EXPERIENCE is not something you can GOOGLE


  • 6 Nov 2014 1:28 PM | Deleted user

    There are no hard and fast rules when starting a new business, however there are certain traps that come up time and time again. In order to be successful, identifying strategies that haven’t worked in the past is invaluable and will hopefully help you avoid issues before they arise.

    No matter what industry your new businesses operates in, there will always be tips and tricks that will be relevant to you and your business. Therefore continuous education and learning from other people's mistakes is vitally important.

    John Corias from MAS Accountants has put together a list of 5 traps to avoid when starting a new business. These traps will be relevant for all businesses as they are not industry specific. The full article can be found here:

    John Corias – BRW – Top 5 traps for entrepreneurs when starting a business: an accountant tells


  • 6 Nov 2014 1:27 PM | Deleted user

    The employment market is still fairly tight across many industries in Australia and around the world. This has led to job searchers looking for alternate streams of income. Some of these could be passive investments, however another alternative could be purchasing a small business.

    Most people wouldn’t know the first thing about purchasing a business let alone what business would be right for them. Much like the real estate business or the insurance industry where there are brokers to guide you through the decision making process, business brokers can offer you the same service when looking to invest in a small business.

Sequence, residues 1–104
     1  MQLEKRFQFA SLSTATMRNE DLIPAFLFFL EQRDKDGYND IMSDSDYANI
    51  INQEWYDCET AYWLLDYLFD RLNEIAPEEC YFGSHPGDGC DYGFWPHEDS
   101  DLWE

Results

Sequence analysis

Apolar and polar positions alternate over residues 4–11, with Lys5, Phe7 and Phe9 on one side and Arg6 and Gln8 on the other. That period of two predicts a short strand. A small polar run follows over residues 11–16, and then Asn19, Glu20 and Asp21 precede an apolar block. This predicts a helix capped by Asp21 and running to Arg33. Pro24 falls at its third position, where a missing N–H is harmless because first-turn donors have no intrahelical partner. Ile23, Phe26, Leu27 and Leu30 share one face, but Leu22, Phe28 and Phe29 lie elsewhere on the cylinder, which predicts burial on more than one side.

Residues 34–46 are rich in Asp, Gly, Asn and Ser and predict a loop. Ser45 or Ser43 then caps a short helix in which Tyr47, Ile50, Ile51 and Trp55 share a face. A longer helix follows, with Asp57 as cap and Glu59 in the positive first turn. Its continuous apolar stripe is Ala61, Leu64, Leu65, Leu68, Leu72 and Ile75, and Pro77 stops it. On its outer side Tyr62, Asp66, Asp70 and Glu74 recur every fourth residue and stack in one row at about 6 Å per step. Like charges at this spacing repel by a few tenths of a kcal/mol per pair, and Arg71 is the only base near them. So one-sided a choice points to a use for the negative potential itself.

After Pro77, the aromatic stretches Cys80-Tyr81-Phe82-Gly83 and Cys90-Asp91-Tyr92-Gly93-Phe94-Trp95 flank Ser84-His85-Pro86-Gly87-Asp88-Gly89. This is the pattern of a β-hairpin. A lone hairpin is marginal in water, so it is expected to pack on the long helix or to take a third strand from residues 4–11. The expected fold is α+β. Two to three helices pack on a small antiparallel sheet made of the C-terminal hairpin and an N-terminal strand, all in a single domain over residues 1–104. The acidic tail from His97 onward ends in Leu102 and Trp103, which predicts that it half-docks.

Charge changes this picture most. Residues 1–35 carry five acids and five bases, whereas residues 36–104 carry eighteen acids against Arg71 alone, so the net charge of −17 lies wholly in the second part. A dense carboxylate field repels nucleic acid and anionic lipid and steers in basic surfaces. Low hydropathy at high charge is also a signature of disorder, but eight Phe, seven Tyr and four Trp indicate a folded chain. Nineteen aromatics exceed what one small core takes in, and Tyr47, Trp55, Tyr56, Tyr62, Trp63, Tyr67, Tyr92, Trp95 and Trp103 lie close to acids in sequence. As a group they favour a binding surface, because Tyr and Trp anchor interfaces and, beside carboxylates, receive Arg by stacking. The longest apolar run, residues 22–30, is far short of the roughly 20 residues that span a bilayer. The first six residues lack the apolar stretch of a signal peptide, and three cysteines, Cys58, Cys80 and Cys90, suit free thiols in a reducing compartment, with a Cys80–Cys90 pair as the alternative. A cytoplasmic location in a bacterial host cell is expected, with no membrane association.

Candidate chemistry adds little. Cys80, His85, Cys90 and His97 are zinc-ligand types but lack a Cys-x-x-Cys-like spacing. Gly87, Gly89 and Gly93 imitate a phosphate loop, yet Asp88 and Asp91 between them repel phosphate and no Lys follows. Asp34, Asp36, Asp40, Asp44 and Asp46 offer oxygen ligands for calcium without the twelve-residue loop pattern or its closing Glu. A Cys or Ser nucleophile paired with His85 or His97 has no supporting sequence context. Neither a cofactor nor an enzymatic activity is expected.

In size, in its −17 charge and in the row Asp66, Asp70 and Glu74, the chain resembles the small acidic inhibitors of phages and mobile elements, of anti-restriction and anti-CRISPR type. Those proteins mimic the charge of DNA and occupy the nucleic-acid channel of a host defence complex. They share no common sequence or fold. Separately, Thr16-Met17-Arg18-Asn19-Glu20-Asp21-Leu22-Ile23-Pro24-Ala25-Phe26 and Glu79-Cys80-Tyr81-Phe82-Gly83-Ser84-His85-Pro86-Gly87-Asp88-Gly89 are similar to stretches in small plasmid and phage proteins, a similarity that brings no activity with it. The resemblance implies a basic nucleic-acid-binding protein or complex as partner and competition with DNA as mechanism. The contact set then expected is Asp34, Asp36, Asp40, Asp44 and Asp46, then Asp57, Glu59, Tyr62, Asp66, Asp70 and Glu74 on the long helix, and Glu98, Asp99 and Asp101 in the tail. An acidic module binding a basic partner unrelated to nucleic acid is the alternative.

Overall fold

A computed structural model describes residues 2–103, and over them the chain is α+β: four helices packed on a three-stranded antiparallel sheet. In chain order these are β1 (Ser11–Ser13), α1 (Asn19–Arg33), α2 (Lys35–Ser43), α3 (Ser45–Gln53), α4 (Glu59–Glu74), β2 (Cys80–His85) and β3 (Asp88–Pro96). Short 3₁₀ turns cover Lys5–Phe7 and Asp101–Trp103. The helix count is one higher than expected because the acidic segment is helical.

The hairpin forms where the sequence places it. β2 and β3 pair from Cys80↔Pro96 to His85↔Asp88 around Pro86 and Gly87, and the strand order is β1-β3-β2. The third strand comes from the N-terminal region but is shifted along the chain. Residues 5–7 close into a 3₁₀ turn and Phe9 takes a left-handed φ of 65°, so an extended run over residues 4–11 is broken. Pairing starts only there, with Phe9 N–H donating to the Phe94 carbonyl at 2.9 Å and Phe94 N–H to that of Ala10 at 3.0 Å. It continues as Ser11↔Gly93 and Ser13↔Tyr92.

Alison Griswold from Slate.com has put together a case study outlining an American couple's journey from salaried employees to small business owners, which also shows the benefits of finding the right business broker for you. The full article can be found here.

    Alison Griswold – Slate.com - The Water’s Fine - How hiring a business broker turned a Florida couple into pool entrepreneurs.


  • 8 Oct 2014 1:30 PM | Deleted user

    Why do people fail? Generally, be it a personal or business decision, it all comes down to the decisions that people make. In order to minimise the chance of a bad decision it is important to understand why you are making bad decisions. While poor decisions can arise from external and unavoidable factors they are also dependent on your own habits. Habits that you have held for a number of years may be holding you back and hindering you from making good decisions.

    Some of the most obvious bad habits include laziness, over-dependence and indecisiveness. Understanding these habits and which ones apply to you could be the key to greater success in your business and personal lives.